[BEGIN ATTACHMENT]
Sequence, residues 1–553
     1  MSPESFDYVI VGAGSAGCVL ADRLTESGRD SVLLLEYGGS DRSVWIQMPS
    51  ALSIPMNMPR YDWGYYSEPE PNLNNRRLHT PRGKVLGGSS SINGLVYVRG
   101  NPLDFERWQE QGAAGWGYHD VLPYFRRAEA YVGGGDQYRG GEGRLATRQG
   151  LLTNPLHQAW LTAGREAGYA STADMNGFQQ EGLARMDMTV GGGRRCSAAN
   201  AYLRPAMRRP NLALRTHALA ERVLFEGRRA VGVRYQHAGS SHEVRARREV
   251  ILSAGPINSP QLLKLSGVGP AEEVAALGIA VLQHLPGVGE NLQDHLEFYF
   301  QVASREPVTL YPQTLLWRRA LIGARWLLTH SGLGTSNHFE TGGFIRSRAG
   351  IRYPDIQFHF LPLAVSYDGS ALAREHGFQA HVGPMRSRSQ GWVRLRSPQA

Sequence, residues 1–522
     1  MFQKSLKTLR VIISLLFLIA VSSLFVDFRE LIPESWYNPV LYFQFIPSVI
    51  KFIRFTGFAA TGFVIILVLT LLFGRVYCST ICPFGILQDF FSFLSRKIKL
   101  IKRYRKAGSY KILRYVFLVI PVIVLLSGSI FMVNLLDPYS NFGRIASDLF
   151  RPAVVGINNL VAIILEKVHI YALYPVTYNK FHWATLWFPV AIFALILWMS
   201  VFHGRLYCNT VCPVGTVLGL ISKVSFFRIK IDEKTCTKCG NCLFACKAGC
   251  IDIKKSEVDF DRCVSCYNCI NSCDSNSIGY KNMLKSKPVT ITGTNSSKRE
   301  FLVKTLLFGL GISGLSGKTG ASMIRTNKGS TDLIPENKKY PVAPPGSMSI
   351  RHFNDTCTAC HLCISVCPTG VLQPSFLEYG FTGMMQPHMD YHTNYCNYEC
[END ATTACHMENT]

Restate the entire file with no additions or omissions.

Sequence, residues 1–553
     1  MSPESFDYVI VGAGSAGCVL ADRLTESGRD SVLLLEYGGS DRSVWIQMPS
    51  ALSIPMNMPR YDWGYYSEPE PNLNNRRLHT PRGKVLGGSS SINGLVYVRG
   101  NPLDFERWQE QGAAGWGYHD VLPYFRRAEA YVGGGDQYRG GEGRLATRQG
   151  LLTNPLHQAW LTAGREAGYA STADMNGFQQ EGLARMDMTV GGGRRCSAAN
   201  AYLRPAMRRP NLALRTHALA ERVLFEGRRA VGVRYQHAGS SHEVRARREV
   251  ILSAGPINSP QLLKLSGVGP AEEVAALGIA VLQHLPGVGE NLQDHLEFYF
   301  QVASREPVTL YPQTLLWRRA LIGARWLLTH SGLGTSNHFE TGGFIRSRAG
   351  IRYPDIQFHF LPLAVSYDGS ALAREHGFQA HVGPMRSRSQ GWVRLRSPQA

Sequence, residues 1–522
     1  MFQKSLKTLR VIISLLFLIA VSSLFVDFRE LIPESWYNPV LYFQFIPSVI
    51  KFIRFTGFAA TGFVIILVLT LLFGRVYCST ICPFGILQDF FSFLSRKIKL
   101  IKRYRKAGSY KILRYVFLVI PVIVLLSGSI FMVNLLDPYS NFGRIASDLF
   151  RPAVVGINNL VAIILEKVHI YALYPVTYNK FHWATLWFPV AIFALILWMS
   201  VFHGRLYCNT VCPVGTVLGL ISKVSFFRIK IDEKTCTKCG NCLFACKAGC
   251  IDIKKSEVDF DRCVSCYNCI NSCDSNSIGY KNMLKSKPVT ITGTNSSKRE
   301  FLVKTLLFGL GISGLSGKTG ASMIRTNKGS TDLIPENKKY PVAPPGSMSI
   351  RHFNDTCTAC HLCISVCPTG VLQPSFLEYG FTGMMQPHMD YHTNYCNYEC